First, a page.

Last year, I began processing the Atari Coin-Op Division records, a massive collection The Strong acquired in June 2014. These materials were previously held by a collector who purchased them in 2003 through a sealed-bid auction as Atari Games was liquidating its assets. Housed in four different storage facilities for 11 years, the materials arrived at the museum in boxes that filled 23 wooden pallets. Unloaded from a semi, the pallets went to the climate-controlled storage facility on the museum’s lower level. At that point in time, if a researcher requested to see any of the collection, it would have required searching for a needle in a haystack—or the equivalent in dozens of boxes on the pallets. For obvious reasons, that was not going to work. Thus, to make these materials accessible to researchers and the public and to ensure their long-term preservation, the museum needed to transfer the records to archival-quality storage containers and create a finding aid to assist interested researchers in understanding what the collection contained. And for the past year, that is precisely what I did.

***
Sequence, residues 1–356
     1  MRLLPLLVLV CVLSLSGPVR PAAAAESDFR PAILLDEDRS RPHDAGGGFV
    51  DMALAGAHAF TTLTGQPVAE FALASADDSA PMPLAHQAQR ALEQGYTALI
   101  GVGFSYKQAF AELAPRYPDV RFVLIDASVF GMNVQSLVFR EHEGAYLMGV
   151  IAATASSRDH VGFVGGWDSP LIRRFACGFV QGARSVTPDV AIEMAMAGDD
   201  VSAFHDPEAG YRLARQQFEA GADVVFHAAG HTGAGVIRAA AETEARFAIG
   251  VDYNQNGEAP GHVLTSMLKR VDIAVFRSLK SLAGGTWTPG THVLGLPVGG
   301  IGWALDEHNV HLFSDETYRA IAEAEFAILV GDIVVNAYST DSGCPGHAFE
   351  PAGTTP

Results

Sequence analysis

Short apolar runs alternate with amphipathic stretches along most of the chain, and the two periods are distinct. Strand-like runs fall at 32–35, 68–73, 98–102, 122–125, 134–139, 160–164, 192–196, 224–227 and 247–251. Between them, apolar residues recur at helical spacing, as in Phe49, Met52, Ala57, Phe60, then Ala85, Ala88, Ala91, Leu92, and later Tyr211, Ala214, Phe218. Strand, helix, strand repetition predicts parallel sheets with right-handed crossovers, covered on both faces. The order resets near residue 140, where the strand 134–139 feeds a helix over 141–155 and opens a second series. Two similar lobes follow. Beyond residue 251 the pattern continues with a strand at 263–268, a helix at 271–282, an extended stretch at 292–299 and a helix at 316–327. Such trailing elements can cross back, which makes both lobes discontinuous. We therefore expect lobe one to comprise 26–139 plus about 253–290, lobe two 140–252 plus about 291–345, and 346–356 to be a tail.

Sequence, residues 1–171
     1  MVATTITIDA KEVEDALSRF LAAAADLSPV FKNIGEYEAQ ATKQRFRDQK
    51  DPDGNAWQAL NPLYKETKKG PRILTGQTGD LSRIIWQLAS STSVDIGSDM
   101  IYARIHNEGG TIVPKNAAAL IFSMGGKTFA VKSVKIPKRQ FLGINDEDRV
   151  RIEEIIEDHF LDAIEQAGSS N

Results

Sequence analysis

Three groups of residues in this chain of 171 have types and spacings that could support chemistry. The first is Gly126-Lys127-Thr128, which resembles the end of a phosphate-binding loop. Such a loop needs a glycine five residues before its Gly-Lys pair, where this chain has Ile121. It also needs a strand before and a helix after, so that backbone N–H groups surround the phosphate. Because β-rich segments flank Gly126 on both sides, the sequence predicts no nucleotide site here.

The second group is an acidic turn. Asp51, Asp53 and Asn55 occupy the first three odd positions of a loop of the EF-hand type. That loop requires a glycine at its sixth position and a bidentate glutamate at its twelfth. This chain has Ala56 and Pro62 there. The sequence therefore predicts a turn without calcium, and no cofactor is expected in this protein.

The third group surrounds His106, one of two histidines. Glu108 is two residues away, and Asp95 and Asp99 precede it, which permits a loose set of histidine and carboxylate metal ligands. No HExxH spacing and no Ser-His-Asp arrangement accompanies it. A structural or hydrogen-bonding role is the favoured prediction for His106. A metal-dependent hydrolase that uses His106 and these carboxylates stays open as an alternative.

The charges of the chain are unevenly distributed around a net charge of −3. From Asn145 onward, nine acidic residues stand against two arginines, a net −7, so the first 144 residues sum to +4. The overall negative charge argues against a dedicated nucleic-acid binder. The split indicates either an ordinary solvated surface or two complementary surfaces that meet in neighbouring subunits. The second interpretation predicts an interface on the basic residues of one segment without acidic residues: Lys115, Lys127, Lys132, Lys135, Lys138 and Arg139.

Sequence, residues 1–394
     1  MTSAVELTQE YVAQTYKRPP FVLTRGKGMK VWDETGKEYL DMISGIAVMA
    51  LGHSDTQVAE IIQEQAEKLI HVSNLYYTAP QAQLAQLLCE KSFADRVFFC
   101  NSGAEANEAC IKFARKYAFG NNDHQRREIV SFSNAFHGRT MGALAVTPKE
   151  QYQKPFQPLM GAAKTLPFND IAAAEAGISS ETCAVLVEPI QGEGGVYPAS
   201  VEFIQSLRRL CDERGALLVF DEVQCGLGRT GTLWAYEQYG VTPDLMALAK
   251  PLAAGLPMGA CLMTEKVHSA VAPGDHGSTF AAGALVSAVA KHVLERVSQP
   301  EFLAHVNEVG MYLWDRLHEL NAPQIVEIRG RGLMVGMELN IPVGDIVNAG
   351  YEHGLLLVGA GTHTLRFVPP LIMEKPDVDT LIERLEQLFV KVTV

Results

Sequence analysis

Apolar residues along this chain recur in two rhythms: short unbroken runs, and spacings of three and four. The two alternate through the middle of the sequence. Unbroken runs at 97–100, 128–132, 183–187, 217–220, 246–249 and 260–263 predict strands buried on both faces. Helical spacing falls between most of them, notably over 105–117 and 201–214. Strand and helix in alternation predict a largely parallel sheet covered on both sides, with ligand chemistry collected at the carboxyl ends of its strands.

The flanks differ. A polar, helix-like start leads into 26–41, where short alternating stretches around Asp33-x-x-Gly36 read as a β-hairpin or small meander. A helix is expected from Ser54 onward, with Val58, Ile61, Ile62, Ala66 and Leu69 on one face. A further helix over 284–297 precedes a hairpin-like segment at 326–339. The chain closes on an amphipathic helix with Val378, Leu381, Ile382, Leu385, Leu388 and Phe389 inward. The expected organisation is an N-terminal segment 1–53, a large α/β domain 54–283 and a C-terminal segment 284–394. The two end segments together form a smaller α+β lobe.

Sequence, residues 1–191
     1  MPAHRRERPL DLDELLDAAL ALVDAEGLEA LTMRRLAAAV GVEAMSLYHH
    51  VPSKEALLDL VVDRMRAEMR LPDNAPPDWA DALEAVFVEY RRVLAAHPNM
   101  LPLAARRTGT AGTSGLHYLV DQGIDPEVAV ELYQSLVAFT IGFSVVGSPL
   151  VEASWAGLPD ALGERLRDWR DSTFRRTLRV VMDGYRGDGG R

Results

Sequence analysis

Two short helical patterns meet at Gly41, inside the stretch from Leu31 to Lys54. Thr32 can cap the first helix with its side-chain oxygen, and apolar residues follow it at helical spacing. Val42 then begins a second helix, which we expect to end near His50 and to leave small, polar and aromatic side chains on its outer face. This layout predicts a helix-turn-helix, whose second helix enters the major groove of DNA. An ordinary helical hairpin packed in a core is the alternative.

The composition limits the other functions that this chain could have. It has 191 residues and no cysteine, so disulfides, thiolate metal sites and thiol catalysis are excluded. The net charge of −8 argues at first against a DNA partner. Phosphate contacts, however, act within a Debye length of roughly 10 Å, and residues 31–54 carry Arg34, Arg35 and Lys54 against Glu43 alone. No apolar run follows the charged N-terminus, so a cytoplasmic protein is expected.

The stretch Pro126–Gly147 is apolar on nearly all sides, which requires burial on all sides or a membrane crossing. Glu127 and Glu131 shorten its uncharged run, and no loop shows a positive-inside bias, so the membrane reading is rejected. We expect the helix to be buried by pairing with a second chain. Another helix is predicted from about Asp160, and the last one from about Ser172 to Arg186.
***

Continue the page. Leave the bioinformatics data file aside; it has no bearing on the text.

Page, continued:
Working in the museum’s archives can be exciting work (especially when we find a rare document that allows a new insight or perspective into the past), but it can also be overwhelming at times. As I began processing the collection, the materials were scattered in different storage areas. There were several pallets of unorganized and oversized materials stored in old and unstable wooden map cases; two large rolling racks of loose material; 63 cartons of documents; 110 boxes of videotape (including VHS, Beta Cam, and UMatic), with only a partial clue of what content they stored; six boxes of floppy disks—including 8-inch floppy disks containing original source code to classic Atari arcade games; two computer towers; and several disintegrating boxes that contained rolled cabinet assembly drawings and artwork. As I surveyed the collection and considered how to make it accessible to the public, I knew I had my work cut out for me.